£28000 - £45000 per annum: Recruitment Genius: A Senior Digital Marketing Cons...

Recruitment Genius: Assistant Stores Keeper

£16640 - £18500 per annum: Recruitment Genius: An Assistant Stores Keeper is r...

Recruitment Genius: Claims Administrator

£16000 - £18500 per annum: Recruitment Genius: This is an excellent opportunit...

Recruitment Genius: Software Developer - C# / ASP.NET / SQL

£17000 - £30000 per annum: Recruitment Genius: Developer required to join a bu...

Day In a Page

Read Next
Mosul falls: Talk of Iraq retaking the town, held by IS since June, is unconvincing  

Isis on the run? The US portrayal is very far from the truth

Patrick Cockburn
John Rentoul met Ed Miliband aged 23, remarking he was “bright, and put up a good fight for the utilities tax, but I was unconvinced.”  

General Election 2015: Win or lose, Ed Miliband is not ready to govern

John Rentoul
'It was first time I had ever tasted chocolate. I kept a piece, and when Amsterdam was liberated, I gave it to the first Allied soldier I saw'

Bread from heaven

Dutch survivors thank RAF for World War II drop that saved millions
Britain will be 'run for the wealthy and powerful' if Tories retain power - Labour

How 'the Axe' helped Labour

UK will be 'run for the wealthy and powerful' if Tories retain power
Rare and exclusive video shows the horrific price paid by activists for challenging the rule of jihadist extremists in Syria

The price to be paid for challenging the rule of extremists

A revolution now 'consuming its own children'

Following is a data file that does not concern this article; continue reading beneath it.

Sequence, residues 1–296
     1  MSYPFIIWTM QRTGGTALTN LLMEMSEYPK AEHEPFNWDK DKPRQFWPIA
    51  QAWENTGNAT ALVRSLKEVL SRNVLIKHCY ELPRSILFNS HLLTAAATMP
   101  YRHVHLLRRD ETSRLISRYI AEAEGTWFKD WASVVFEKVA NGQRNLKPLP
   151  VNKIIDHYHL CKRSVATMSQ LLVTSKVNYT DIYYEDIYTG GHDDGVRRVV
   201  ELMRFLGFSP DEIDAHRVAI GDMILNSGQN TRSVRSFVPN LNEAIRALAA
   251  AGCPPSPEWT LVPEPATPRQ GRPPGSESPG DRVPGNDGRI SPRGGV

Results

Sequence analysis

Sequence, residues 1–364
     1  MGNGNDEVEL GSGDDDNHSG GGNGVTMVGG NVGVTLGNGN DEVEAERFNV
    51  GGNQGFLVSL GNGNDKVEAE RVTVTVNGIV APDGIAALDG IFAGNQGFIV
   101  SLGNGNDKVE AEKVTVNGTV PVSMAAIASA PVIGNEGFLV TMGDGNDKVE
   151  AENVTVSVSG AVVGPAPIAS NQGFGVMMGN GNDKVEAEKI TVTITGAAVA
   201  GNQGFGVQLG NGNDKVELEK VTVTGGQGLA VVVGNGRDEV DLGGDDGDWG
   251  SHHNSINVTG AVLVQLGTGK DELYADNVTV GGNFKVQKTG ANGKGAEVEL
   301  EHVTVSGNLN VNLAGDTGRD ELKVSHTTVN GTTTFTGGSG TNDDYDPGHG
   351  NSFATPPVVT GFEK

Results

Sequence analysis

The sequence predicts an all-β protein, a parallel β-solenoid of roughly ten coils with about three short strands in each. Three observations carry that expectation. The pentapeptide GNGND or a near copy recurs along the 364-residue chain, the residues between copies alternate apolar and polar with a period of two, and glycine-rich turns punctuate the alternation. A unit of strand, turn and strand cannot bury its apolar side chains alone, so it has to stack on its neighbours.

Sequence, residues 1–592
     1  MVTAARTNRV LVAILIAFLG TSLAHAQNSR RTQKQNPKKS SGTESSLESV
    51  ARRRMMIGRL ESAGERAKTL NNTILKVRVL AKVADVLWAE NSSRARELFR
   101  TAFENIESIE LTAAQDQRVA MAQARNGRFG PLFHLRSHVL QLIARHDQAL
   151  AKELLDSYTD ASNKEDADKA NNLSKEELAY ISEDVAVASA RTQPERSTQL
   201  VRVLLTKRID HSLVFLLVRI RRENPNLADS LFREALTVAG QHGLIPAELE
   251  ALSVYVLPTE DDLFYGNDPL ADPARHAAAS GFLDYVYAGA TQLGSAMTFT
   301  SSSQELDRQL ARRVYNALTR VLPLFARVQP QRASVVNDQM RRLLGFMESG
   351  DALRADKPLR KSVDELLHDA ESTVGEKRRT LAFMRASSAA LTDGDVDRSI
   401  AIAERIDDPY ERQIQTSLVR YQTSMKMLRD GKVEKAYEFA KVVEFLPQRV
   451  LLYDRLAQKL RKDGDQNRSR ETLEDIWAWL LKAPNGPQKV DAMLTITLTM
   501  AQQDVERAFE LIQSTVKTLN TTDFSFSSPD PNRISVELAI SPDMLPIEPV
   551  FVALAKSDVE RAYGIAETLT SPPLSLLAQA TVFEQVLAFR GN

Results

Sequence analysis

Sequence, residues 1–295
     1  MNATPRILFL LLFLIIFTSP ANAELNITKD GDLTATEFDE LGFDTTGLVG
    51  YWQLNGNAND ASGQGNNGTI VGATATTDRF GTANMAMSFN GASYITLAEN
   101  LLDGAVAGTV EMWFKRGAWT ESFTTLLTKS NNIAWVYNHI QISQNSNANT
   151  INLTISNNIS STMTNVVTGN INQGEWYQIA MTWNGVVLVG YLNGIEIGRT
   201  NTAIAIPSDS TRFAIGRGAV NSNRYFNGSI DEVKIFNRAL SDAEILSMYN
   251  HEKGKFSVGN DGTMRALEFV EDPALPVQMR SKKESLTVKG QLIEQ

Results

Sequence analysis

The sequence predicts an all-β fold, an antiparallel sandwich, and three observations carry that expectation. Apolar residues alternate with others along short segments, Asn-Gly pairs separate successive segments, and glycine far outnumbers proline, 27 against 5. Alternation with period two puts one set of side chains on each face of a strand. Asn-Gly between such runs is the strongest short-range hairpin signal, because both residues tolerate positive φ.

Welcome to the world of Megagames

Welcome to the world of Megagames

300 players take part in Watch the Skies! board game in London
'Nymphomaniac' actress reveals what it was really like to star in one of the most explicit films ever

Charlotte Gainsbourg on 'Nymphomaniac'

Starring in one of the most explicit films ever
Robert Fisk in Abu Dhabi: The Emirates' out-of-sight migrant workers helping to build the dream projects of its rulers

Robert Fisk in Abu Dhabi

The Emirates' out-of-sight migrant workers helping to build the dream projects of its rulers
Vince Cable interview: Charging fees for employment tribunals was 'a very bad move'

Vince Cable exclusive interview

Charging fees for employment tribunals was 'a very bad move'
Iwan Rheon interview: Game of Thrones star returns to his Welsh roots to record debut album

Iwan Rheon is returning to his Welsh roots

Rheon is best known for his role as the Bastard of Bolton. It's gruelling playing a sadistic torturer, he tells Craig McLean, but it hasn't stopped him recording an album of Welsh psychedelia
Russell Brand's interview with Ed Miliband has got everyone talking about The Trews

Everyone is talking about The Trews

Russell Brand's 'true news' videos attract millions of viewers. But today's 'Milibrand' interview introduced his resolutely amateurish style to a whole new crowd
Morne Hardenberg interview: Cameraman for BBC's upcoming show Shark on filming the ocean's most dangerous predator

It's time for my close-up

Meet the man who films great whites for a living
Increasing numbers of homeless people in America keep their mobile phones on the streets

Homeless people keep mobile phones

A homeless person with a smartphone is a common sight in the US. And that's creating a network where the 'hobo' community can share information - and fight stigma - like never before
'Queer saint' Peter Watson left his mark on British culture by bankrolling artworld giants

'Queer saint' who bankrolled artworld giants

British culture owes a huge debt to Peter Watson, says Michael Prodger
Pushkin Prizes: Unusual exchange programme aims to bring countries together through culture

Pushkin Prizes brings countries together

Ten Scottish schoolchildren and their Russian peers attended a creative writing workshop in the Highlands this week
14 best kids' hoodies

14 best kids' hoodies

Don't get caught out by that wind on the beach. Zip them up in a lightweight top to see them through summer to autumn
Robert Fisk in Abu Dhabi: The acceptable face of the Emirates

The acceptable face of the Emirates

Has Abu Dhabi found a way to blend petrodollars with principles, asks Robert Fisk